Todd Helton Should Be Retiring After This Year – But With His Head Held High!

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Wednesday February.27,  2013

Helton is still the active Leader in the MLB -  with a Career OBP of .419.  He was the beneficiary of the Pre - Humidor days of Coors Field, however he does have a .289/..84/.864 3 Slash Line on the Road.  His Coors Field 3 Slash Line is .350/.447/1.06

Helton is still the active Leader in the MLB – with a Career OBP of .419. He was the beneficiary of the Pre – Humidor days of Coors Field, however he does have a .289/.384/.864 3 Slash Line on the Road. His Coors Field 3 Slash Line is .350/.447/1.060.  He also has been a great defender – having won 3 Gold Gloves the early part of the 2000’s.  His best year was in 2000 – where he hit for a Slash Line of .372/.463/1.162 with 42 HRs, 59 2B and 147 RBI.  He flirted with .400 well into Aug.

By Jon Schifferle ( Rockies Correspondent – visit his own personal website here  .  Follow him on twitter here   

Todd Helton, the Rockies first round draft choice in 1995, has been a staple in the Rockies lineup ever since his first full season in 1998.  A batting champion, 5 time All-Star, 3 time Gold Glove winner, and the holder of many Rockies team records, plus he should be the first player to ever have his number retired by the Rockies after he retires.  The question is, when should he retire? 

Helton is clearly ending his career in the near future.  His 2012 numbers were definitely not where they need to be, especially considering the boost that he gets from playing in Coors Field for half of his games (he hit a dismal .208 on the road last season).  You could blame his struggles last season on his injuries, but even then you have to ask yourself if he will be able to recover, and if the injuries permanently damage his ability to play the game.   

Todd Helton 2011 Highlight Mix -

Todd Helton has been a professional hitter with 12 seasons with a .300 + Average.  He has a Lifetime Average of ,320

Todd Helton has been a professional hitter with 12 seasons with a .300 + Average. He has a Lifetime Average of .320.  From 2000 – 2004, Helton carried an OPS over 1.000 every season.  From 2000 – 2007, the slugger had an OBP over .400.  His OPS of .964 is good for 17th on the ALL-Time List.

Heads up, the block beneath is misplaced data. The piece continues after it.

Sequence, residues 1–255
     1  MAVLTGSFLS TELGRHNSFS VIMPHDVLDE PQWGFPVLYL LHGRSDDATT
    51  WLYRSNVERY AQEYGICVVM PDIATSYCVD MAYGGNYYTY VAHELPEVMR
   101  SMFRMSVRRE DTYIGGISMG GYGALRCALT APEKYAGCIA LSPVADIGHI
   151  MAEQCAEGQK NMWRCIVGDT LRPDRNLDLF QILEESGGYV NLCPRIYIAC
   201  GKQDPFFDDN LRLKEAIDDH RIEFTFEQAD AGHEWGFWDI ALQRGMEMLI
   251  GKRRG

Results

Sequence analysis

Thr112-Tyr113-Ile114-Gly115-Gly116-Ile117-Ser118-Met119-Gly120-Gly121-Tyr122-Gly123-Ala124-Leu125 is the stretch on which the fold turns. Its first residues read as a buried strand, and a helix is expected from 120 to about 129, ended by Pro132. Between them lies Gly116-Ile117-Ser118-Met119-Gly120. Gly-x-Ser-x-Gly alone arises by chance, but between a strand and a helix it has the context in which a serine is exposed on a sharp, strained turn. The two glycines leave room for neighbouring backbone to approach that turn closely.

Top  Leaderboard of active MLB’ ers that Helton Appears:

Rank Player (yrs, age) On-Base Plus Slugging Bats
1. Albert Pujols (12, 32) 1.0220 R
2. Joey Votto (6, 28) .9680 L
3. Todd Helton (16, 38) .9640 L
4. Jim Thome (22, 41) .9560 L
5. Miguel Cabrera (10, 29) .9557 R
Rank Player (yrs, age) Doubles Bats
1. Todd Helton (16, 38) 570 L
2. Bobby Abreu (17, 38) 565 L
3. Derek Jeter (18, 38) 524 R
4. Scott Rolen (17, 37) 517 R
5. Alex Rodriguez (19, 36) 512 R
6. Albert Pujols (12, 32) 505 R
7. David Ortiz (16, 36) 482 L
8. Carlos Lee (14, 36) 469 R
9. Adrian Beltre (15, 33) 463 R
Rank Player (yrs, age) On-Base% Bats
1. Todd Helton (16, 38) .4189 L
2. Joey Votto (6, 28) .4155 L
3. Albert Pujols (12, 32) .4141 R
4. Lance Berkman (14, 36) .4086 B
5. Joe Mauer (9, 29) .4050 L
6. Jason Giambi (18, 41) .4034 L
7. Jim Thome (22, 41) .4019 L
Rank Player (yrs, age) Bases on Balls Bats
1. Jim Thome (22, 41) 1747 L
2. Bobby Abreu (17, 38) 1456 L
3. Jason Giambi (18, 41) 1334 L
4. Todd Helton (16, 38) 1295 L
5. Alex Rodriguez (19, 36) 1217 R
Rank Player (yrs, age) Total Bases Bats
1. Alex Rodriguez (19, 36) 5414 R
2. Derek Jeter (18, 38) 4723 R
3. Jim Thome (22, 41) 4667 L
4. Albert Pujols (12, 32) 4206 R
5. Todd Helton (16, 38) 4124 L

Based on this, some may even feel that he should retire now.  This isn’t entirely a bad idea, but he is just finishing a 3 YR / $33.6 Million contract, and will be a free agent after the 2014 season.  Although he may want to keep playing after this season, I doubt the Rockies will want to give him any sort of guaranteed contract, and he probably won’t want to go to another team.